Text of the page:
What is CRISPR?
CRISPR, which stands for Clustered Regularly Interspersed Short Palindromic Repeats, refers to a set of DNA sequences in bacteria acquired from viruses that help the bacteria destroy viral DNA. The short sequences, as their name suggests, are palindromic, and are paired with the Cas9 endonuclease to cut apart foreign DNA if a bacteria is attacked by a virus. The CRISPR/Cas9 system can be modified for genetic modification purposes by selecting the specific segment of double-stranded DNA that is targeted by the Cas9 protein. If a gene-knockout is desired, then the Cas9 protein can be used to cut double-stranded DNA at two locations, after which the cell’s non-homologous end joining (NHEJ) DNA-repairing mechanism results in the elimination of the target gene from the DNA. Adding sequences to double-stranded DNA is also possible by having the Cas9 cleave a single strand of DNA at two locations. The additionally introduced sequence is designed so that it overlaps the sticky ends of the cleavage, and the cell’s homology-directed repair (HDR) mechanism will incorporate the sequence into the double-stranded DNA.
Structure of the CRISPR/Cas9 complex
The CRISPR/Cas9 system cuts DNA at points determined by a sequence that is attached to the Cas9 protein. This sequence, called crRNA, can be chosen in a laboratory setting and modified to fit specific needs. crRNA is connected to the Cas9 protein by tracrRNA, and may be combined with tracrRNA to form sgRNA (single guide RNA). A repair template may also be introduced to guide a cell’s DNA repair mechanism and introduce a specific gene into its DNA. The Cas9 protein is connected to a short, unmodifiable PAM (protospacer adjacent motif) sequence that determines the location at which Cas9 cleaves DNA. The PAM sequence can usually be found every ten or so base pairs in a DNA strand, but nonetheless sgRNA and repair templates must be designed to accommodate for the specific PAM sequence.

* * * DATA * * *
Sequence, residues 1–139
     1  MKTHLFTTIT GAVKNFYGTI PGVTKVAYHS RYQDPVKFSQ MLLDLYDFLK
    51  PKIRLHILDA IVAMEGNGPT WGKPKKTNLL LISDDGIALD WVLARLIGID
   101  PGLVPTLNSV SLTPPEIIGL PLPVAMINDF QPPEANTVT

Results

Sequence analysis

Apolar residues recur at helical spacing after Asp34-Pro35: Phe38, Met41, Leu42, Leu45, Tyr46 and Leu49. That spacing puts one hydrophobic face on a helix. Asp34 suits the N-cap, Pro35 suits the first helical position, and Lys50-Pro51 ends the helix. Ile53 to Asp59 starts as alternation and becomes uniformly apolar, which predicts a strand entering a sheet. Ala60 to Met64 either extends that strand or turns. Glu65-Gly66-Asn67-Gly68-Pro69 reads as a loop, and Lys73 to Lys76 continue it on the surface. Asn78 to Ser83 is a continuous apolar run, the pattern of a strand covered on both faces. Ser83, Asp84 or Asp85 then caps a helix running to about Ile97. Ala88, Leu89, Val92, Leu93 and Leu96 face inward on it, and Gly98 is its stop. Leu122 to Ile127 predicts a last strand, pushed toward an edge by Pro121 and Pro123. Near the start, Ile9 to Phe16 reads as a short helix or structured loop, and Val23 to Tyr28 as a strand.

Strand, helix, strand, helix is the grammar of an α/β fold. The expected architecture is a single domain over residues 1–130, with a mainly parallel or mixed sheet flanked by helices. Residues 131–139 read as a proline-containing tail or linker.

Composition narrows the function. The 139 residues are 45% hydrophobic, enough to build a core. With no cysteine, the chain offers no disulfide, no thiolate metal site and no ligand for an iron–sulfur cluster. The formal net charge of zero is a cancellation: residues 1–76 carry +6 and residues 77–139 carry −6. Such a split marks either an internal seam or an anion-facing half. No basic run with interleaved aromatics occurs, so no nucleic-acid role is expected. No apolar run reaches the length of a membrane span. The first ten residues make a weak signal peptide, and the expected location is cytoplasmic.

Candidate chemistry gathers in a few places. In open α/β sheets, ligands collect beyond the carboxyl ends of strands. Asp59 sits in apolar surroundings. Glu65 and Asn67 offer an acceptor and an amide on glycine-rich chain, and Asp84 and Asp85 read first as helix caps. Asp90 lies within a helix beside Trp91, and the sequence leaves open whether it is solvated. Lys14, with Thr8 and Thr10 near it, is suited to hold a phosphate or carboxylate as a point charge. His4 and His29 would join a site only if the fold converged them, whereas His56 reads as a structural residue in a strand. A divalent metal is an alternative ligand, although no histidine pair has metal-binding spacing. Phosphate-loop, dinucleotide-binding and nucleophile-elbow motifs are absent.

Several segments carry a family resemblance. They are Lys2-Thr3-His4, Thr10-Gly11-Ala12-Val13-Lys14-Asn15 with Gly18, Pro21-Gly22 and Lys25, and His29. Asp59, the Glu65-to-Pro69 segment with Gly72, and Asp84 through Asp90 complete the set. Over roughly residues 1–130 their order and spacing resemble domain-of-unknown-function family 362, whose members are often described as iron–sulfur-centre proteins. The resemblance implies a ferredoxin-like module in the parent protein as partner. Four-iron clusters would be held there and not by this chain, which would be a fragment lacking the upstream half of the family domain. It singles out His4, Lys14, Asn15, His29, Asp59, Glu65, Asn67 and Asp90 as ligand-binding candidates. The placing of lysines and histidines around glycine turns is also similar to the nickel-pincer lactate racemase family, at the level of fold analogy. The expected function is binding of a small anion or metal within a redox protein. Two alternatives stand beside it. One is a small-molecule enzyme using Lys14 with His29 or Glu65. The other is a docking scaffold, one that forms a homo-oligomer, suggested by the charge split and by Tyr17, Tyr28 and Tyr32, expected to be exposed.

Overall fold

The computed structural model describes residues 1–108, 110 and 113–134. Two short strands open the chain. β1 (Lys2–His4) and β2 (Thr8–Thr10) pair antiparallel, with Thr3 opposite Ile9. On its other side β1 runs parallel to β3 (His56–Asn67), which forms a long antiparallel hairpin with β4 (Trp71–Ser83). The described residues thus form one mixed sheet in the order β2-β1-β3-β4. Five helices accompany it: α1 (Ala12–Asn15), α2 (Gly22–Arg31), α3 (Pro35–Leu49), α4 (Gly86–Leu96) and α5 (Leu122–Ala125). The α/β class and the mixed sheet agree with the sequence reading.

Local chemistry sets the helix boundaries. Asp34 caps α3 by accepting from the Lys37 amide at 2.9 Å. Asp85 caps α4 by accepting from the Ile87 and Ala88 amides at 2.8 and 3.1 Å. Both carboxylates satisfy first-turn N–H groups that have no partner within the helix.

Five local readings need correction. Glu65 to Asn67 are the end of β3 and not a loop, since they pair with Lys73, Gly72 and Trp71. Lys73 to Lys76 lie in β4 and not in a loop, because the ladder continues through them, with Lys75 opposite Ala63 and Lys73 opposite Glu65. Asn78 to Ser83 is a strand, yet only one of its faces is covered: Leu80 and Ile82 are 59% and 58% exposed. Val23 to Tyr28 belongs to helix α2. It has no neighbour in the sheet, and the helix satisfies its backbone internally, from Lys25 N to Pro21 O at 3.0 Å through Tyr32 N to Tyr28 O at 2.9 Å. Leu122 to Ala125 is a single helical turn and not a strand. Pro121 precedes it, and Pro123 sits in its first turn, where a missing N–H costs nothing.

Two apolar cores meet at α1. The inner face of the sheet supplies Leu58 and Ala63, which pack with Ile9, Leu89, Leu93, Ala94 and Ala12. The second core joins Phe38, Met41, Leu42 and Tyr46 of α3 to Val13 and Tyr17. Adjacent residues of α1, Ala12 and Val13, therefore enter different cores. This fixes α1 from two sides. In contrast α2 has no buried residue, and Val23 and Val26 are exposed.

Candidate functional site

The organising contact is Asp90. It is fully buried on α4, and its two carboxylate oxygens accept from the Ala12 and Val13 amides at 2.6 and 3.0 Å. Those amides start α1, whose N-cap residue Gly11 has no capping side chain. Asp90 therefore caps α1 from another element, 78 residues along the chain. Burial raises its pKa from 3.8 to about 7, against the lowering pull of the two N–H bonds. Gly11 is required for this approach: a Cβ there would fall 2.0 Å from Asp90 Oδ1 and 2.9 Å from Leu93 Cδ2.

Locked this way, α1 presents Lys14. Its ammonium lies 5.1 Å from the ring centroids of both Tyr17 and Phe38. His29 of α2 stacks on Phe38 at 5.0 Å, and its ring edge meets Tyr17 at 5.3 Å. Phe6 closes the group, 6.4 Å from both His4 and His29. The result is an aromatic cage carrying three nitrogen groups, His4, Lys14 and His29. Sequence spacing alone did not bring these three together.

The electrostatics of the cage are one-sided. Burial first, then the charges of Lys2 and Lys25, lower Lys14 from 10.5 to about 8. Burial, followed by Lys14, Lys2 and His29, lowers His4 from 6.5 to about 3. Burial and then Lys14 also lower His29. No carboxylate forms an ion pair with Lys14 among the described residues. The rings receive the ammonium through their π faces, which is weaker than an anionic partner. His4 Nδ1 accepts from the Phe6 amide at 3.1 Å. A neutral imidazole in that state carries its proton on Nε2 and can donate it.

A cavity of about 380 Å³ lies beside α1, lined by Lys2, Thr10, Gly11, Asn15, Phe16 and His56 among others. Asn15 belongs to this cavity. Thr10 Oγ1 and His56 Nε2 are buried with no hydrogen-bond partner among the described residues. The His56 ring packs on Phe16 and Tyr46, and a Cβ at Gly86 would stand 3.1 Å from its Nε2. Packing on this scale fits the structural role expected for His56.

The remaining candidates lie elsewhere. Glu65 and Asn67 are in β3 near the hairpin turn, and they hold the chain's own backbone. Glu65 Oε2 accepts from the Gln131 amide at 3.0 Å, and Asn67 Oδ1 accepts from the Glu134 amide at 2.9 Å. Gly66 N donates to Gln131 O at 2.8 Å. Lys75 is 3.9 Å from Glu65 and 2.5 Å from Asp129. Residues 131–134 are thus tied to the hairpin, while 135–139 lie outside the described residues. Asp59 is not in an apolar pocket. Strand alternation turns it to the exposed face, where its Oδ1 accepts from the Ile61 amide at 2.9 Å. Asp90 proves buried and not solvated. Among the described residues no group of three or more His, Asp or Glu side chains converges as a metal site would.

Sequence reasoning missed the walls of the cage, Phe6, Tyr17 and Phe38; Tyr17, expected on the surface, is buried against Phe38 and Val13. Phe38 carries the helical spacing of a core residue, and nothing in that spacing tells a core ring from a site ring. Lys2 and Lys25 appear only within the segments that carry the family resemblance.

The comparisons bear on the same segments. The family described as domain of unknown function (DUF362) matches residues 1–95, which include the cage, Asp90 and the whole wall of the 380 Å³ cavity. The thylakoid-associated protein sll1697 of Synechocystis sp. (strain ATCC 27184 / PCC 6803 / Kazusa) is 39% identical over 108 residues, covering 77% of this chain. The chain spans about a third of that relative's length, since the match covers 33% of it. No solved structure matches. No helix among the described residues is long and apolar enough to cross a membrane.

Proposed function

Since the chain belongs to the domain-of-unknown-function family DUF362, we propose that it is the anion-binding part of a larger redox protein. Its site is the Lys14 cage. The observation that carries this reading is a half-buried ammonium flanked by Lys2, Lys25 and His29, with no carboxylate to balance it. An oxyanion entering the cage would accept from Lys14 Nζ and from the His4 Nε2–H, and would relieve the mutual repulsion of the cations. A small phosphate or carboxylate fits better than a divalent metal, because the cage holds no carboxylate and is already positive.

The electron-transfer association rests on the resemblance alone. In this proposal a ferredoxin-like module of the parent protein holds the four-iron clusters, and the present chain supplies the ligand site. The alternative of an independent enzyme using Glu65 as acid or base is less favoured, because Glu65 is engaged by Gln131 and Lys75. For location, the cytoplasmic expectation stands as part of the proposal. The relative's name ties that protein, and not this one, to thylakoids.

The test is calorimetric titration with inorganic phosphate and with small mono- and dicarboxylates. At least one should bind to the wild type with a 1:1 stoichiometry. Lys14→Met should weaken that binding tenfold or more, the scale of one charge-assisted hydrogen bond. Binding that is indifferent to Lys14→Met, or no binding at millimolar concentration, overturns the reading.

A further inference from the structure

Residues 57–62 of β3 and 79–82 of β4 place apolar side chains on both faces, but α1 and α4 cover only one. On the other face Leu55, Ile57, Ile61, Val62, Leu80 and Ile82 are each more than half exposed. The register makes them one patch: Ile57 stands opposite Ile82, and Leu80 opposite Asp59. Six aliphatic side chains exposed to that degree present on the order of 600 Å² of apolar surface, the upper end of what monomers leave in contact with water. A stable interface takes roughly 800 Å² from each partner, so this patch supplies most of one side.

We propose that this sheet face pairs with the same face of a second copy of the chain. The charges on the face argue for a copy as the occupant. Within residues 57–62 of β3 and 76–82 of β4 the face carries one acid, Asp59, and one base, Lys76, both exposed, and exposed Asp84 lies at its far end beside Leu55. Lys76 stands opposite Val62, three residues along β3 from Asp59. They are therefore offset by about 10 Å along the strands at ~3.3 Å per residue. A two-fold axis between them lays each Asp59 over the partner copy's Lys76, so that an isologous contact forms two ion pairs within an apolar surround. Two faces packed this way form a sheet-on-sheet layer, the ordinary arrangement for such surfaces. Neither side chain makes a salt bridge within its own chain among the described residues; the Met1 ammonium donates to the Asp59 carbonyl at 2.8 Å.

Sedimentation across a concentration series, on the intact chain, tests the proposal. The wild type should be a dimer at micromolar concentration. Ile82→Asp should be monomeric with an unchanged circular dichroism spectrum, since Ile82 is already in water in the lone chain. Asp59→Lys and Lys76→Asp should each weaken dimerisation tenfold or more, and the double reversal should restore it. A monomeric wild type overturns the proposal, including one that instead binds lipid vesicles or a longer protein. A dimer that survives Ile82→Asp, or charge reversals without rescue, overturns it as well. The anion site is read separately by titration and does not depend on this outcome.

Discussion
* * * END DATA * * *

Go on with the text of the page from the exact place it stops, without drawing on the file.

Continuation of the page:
Applications in Transfection
Delivering the CRISPR/Cas9 into a cell is most efficiently done with viruses, but may also be accomplished through plasmid-delivery and lipofection. Cationic lipid-based delivery of the Cas9 protein with attached sgRNA has also been shown to be effective in delivering the protein complex into a cell. Altogen has developed reagent kits to aid in the process of both delivering and constructing a desired CRISPR/Cas9 complex. Purified reagents are used to structure sgRNA with a desired sequence, after which it is connected to the Cas9 protein and encapsulated in a lipid bilayer. The resulting transfection complex is then introduced into cells and results in either the removal of the targeted gene or the addition of a gene if desired.
In Vivo Transfection Reagents from Altogen Biosystems
RNAi has been used for in vivo target validation studies using animal models. The major challenge in performing RNAi studies in vivo is the effective, directed delivery of functional small RNA molecules into specific tissues. Altogen® In Vivo Transfection Reagents could be conjugated with siRNA (or microRNA) and administered intratumorally (i.t) or systemically via intravenous (i.v) tail vein injection in order to provide directed gene silencing in specific tissues, including liver, pancreas, kidney, and tumors. Selective knockdown could be seen as early as 24 hours after injection.
Featured in vivo transfection products from Altogen Biosystems:
In Vivo Transfection Reagents || In Vivo Nanoparticle Transfection Kit || In Vivo PEG-Liposome Transfection Kit || In Vivo Lipid Transfection Kit || In Vivo Polymer Transfection Kit || In Vivo Pancreas-targeted Transfection Kit
Altogen Labs provides preclinical research services, including over 50 validated xenograft models, development of stable cell lines, RNAi services, ELISA and Western Blot services, siRNA library screening and transfection services.